Chinese crude and condensate imports by discharge week (Middle East)

Chinese crude and condensate imports by discharge week (FSU)

Spot buying more impacted by pandemic

On the other hand, spot buying was tamer, with imports down for 1Q20 compared to the 4Q19 from West Africa (Angola, Congo, Gabon, Ghana, Nigeria; from 1.665 mb/d in 4Q19 to 1.330 mb/d in 1Q20) and from Latin America (Colombia, Ecuador; from 152 kb/d in 4Q19 to 86 kb/d in 1Q20). Furthermore, imports from Libya were down as the country started to experience domestic turmoil.

It is worth noting that no barrels have sailed from the USA to China in 2020, whilst Venezuelan barrels have fallen from 227 kb/d in 4Q19 to 160 kb/d in 1Q20 and Iranian imports have dropped from 268 kb/d in 4Q19 to 217 kb/d in 1Q20. Iranian imports have been in decline since the start of the year.

Chinese crude and condensate imports by discharge week (Africa)

Chinese crude and condensate imports by discharge week (Americas)

*Figures for Venezuela include averages for cargoes discharged via ship-to-ship activity at Singapore/Malaysia, the majority of which sail on to Chinese teapot refineries and may be slightly higher than actual volumes discharged at Chinese ports. Discharge weeks for cargoes discharged via ship-to-ship activity have been estimated.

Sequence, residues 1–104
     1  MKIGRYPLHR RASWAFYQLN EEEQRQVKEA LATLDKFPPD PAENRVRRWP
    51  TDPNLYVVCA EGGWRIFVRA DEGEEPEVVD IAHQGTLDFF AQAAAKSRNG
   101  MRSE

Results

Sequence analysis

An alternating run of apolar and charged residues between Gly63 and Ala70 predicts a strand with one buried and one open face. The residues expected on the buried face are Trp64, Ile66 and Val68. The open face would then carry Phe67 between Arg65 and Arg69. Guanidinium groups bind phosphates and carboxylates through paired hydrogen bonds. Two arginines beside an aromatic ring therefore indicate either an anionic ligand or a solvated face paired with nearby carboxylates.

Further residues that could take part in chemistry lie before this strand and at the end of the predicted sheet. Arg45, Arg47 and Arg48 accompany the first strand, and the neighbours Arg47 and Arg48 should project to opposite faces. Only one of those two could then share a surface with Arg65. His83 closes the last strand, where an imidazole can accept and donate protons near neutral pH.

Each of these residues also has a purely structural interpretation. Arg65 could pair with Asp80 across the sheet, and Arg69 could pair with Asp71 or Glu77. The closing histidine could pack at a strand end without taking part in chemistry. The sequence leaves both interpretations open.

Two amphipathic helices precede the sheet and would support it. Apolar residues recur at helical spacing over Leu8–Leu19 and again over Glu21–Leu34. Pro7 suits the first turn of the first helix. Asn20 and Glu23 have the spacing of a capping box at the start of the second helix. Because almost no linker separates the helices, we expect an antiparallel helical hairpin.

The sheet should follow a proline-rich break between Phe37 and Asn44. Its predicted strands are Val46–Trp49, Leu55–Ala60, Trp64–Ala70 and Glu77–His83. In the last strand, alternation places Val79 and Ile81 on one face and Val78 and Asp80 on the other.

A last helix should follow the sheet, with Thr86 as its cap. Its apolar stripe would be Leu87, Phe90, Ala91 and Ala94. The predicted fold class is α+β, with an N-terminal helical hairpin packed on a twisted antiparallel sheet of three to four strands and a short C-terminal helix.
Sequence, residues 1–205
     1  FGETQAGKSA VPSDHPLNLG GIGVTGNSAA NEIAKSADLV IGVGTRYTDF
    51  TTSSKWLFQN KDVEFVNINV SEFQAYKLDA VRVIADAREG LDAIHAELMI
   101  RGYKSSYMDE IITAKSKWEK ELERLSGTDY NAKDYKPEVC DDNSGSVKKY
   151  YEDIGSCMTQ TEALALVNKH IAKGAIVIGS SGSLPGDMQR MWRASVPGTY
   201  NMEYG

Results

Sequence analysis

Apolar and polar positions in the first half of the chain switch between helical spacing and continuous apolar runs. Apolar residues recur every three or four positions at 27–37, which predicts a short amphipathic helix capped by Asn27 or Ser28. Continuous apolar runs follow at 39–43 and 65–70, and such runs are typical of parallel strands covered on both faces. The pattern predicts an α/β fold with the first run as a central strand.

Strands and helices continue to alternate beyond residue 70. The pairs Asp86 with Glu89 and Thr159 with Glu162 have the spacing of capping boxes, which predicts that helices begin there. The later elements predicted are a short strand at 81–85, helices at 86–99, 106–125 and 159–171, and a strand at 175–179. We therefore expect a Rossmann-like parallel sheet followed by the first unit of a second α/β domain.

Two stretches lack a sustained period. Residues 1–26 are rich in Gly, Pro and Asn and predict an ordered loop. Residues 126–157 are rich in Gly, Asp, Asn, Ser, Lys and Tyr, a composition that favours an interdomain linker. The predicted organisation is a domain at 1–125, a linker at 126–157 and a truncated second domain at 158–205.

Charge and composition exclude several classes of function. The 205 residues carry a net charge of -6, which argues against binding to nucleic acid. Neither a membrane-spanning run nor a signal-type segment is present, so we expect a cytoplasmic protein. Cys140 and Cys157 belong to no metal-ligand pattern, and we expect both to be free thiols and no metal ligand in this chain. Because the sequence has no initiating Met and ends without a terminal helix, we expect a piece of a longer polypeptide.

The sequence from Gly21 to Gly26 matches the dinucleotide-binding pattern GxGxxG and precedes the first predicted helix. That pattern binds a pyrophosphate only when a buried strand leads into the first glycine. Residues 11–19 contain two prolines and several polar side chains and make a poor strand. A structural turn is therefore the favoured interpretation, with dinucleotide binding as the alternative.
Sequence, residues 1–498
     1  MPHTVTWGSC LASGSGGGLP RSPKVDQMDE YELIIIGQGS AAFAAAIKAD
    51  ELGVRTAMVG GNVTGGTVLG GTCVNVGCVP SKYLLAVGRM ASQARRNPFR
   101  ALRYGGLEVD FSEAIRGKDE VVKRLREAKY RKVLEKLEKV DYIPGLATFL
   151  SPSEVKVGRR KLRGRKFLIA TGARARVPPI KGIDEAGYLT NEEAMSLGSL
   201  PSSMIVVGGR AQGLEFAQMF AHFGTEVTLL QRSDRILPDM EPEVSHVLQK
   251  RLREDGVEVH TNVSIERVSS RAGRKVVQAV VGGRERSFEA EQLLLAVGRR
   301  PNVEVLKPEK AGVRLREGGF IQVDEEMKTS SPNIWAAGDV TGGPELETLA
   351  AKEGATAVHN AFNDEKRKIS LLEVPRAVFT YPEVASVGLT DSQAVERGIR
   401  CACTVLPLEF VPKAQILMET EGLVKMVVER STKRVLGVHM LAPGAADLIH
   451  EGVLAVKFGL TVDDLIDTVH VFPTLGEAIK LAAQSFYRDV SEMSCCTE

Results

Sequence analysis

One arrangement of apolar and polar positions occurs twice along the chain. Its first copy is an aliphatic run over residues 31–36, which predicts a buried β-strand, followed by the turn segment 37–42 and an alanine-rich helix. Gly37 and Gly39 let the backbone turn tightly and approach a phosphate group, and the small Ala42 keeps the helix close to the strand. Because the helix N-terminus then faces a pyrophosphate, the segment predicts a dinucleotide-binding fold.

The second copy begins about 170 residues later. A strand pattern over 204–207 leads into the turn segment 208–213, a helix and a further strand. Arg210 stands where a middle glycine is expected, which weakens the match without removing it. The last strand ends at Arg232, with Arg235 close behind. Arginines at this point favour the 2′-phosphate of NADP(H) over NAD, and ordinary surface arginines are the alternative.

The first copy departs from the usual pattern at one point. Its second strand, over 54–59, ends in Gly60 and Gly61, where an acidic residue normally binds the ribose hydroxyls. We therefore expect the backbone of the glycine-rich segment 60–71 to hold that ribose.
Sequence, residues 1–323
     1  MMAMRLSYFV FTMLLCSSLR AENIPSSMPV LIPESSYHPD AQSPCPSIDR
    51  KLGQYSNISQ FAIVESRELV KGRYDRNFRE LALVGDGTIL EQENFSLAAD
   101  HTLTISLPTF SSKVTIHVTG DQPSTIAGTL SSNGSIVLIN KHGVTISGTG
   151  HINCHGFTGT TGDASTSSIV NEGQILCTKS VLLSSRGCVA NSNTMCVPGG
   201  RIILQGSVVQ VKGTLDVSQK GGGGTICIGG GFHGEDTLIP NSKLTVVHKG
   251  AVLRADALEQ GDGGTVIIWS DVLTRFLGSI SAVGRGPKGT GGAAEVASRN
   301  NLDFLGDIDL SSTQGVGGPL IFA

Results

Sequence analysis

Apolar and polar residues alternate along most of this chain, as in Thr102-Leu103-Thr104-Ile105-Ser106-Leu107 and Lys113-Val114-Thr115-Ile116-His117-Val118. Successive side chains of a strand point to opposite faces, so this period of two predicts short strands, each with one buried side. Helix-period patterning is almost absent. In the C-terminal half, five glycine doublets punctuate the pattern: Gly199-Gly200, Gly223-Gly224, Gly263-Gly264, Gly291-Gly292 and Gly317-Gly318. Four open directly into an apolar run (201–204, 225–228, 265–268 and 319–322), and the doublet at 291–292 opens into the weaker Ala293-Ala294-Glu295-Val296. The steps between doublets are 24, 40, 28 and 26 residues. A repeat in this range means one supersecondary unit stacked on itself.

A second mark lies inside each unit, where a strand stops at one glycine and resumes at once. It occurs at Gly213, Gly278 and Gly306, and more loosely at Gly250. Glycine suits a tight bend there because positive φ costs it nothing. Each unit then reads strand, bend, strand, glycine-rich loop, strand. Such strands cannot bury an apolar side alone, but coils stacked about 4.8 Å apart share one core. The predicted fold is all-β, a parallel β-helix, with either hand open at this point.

For April and beyond, Chinese refiners taking advantage of low oil prices

For the coming months, China and its refiners, both major and teapots, are taking advantage of the low oil price environment to fill up their tanks and resort to using floating storage once inland tanks are full. Some refiners that hold term contracts with Middle Eastern suppliers have asked for higher April allocations. All Chinese buyers have asked for May barrels. There are talks that teapot refineries will be given higher retroactive quota levels to enable them to immediately profit from the current market conditions.

Petro-Logistics will continue to monitor arrivals of cargoes at key Chinese ports and inform its clients of relevant information regarding volumes and origins of landed barrels.